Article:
jen yu: australia 2007 - day 3

australia 2007 - day 3

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kata tjuta, watarrka
march 10, 2007
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Overnight, what little fondness I may have felt for Australia's interior was quashed. Kell told me a few days later that a typhoon had blown past the northern coast of Australia. It was responsible for sending a wave of humidity into the Red Center. Our tent felt like a sauna that night as the desert failed to cool down. I was more than ready to pack up and get in the car at 5:30 that morning.

The typical flow of headlights led to the park entrance, but when we turned off onto the road to Kata Tjuta, none followed. It's a long and quiet road to Kata Tjuta in the early morning - about 45 minutes of driving. We were also cautious of any wildlife crossing the road as we had seen several eyes glinting in the headlights on the roadside.

We were all alone at the carpark. I figured because Kata Tjuta plays second fiddle to Uluru in terms of popularity, and also because this was the "sunset viewing" area, no one was going to come out there in the morning. But the morning shots I took of Kata Tjuta are by far my favorites of this geologic feature. Jeremy tried experiments with the flies that mobbed us from the moment we stepped out of the car. Apparently, they leave you alone when you walk into the open air restrooms or sit in the car with the doors open. Strange little fellows.

Once my morning shoot was done, we drove to the trailhead for the Valley of the Winds hike. It's the longest trail in Kata Tjuta at 7.4 km. They close this hike after 11 am if the forecasted high temperature for Yulara is 36C or more. We opted to walk it backwards which gave us shade on the way back when the sun would be higher and hotter. There was only one other couple on the trail when we began and we passed them quickly on the climb to the first lookout. A few hundred flies hitched rides on our backs, packs, and hats. They weren't much of a bother once the winds picked up past the lookout. The trail does live up to its name. It is just a shame that the winds were hot instead of cool, but any advection is good on a hot day.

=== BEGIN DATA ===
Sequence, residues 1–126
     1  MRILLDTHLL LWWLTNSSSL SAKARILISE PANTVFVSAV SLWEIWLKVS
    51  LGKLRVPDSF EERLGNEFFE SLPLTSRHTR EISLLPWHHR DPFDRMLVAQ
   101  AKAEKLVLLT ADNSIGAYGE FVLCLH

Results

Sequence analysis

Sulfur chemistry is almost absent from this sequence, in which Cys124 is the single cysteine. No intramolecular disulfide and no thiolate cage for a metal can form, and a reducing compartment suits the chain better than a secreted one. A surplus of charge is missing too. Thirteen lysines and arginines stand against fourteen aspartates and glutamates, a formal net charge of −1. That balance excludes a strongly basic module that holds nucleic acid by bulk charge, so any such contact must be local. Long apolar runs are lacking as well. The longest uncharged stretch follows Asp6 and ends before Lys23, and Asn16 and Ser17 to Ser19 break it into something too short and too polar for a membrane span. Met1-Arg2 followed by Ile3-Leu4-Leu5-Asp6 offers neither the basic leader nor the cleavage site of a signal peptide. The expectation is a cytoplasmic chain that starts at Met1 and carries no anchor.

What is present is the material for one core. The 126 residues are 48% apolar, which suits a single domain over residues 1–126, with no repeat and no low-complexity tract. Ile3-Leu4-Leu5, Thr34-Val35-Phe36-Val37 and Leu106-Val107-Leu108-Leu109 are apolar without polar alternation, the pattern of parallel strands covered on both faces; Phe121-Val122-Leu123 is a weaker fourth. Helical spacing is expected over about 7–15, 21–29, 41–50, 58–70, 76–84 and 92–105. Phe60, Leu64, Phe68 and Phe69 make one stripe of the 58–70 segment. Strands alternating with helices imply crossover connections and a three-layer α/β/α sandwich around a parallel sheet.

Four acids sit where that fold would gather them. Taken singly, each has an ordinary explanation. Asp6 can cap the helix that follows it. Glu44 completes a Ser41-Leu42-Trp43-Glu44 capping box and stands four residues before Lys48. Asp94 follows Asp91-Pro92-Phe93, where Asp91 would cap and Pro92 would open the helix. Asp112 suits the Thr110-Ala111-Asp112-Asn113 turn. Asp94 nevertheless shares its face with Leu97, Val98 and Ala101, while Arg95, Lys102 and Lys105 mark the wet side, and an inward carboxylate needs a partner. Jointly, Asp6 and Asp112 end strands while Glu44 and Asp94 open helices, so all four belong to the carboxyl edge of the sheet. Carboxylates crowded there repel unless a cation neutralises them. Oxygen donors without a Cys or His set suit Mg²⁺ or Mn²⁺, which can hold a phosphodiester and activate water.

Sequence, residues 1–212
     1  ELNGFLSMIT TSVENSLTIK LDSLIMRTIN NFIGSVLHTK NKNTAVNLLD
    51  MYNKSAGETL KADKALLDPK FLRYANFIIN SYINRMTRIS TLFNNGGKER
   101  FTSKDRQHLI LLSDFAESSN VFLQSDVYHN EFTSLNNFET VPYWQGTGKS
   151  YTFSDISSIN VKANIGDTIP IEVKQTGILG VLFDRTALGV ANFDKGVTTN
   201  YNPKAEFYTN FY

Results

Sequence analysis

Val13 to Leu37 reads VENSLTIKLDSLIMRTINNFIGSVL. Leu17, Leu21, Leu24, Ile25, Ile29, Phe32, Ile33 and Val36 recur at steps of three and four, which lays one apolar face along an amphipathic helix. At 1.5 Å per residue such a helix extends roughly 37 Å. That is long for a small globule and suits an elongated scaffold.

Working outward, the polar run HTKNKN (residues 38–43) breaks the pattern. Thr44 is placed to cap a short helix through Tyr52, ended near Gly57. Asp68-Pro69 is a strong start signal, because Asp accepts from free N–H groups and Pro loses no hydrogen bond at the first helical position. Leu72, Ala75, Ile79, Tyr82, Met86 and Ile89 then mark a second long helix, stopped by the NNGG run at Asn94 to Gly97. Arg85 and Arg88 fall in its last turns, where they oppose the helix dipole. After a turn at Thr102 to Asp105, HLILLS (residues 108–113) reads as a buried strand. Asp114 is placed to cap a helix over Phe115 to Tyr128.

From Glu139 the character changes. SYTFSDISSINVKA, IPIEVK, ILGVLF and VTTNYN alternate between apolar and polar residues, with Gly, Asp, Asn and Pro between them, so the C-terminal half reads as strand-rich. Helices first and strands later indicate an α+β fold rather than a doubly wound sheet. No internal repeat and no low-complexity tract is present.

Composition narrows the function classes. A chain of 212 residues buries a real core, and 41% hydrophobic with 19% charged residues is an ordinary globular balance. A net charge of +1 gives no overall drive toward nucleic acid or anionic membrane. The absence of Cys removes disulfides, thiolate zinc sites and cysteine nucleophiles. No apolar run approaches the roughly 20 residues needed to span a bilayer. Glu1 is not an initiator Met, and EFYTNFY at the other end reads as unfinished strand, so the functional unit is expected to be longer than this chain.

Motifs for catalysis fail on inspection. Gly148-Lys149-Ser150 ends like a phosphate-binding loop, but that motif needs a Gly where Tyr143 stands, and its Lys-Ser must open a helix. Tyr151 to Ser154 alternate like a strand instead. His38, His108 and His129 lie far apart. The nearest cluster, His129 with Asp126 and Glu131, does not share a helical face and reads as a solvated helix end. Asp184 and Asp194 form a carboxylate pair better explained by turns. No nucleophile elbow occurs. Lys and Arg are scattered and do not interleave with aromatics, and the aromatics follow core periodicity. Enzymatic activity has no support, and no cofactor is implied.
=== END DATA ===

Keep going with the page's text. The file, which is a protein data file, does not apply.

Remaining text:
Walking among the giant domes of rock, it was obvious from the trail underfoot that Kata Tjuta was made of different rock than Uluru. Here, the trail had a lot of rounded rocks and cobbles. Uluru was almost all red dirt. My favorite part was climbing to Karingana, the second lookout, which is nestled in a narrow passage between two of the domes. We began to encounter other hikers at this point.

Back in Yulara, Jeremy cooled off with a quick shower at the campground before we grabbed some fish and chips for an early lunch. Then we hit the road to Watarrka (Kings Canyon), three hours to the north. Large puffy clouds materialized in the sky, providing much-appreciated shade on the exposed highway. Their bottoms were a shade of pink because they were reflecting the red earth. We saw something similar to this in New Zealand, except the bottoms were glowing aqua thanks to the glacial blue lakes.

It was miserably hot at Kings Canyon Resort where we inquired about campsites. The charming fellow at the desk said it would be awfully hot in a tent, and that it was not cooling off overnight. We booked a dorm room even though he couldn't guarantee that we would have it to ourselves. But he said, "Well, you're here and you're smiling, so I will do everything I can to fill your room last." He was right - it did not cool down overnight, even with three flash rain storms which made the air stifling hot and wet. Our dorm room was on a swamp cooler that got the temperature down to about 86F. I couldn't really complain, and we never got any roommates.

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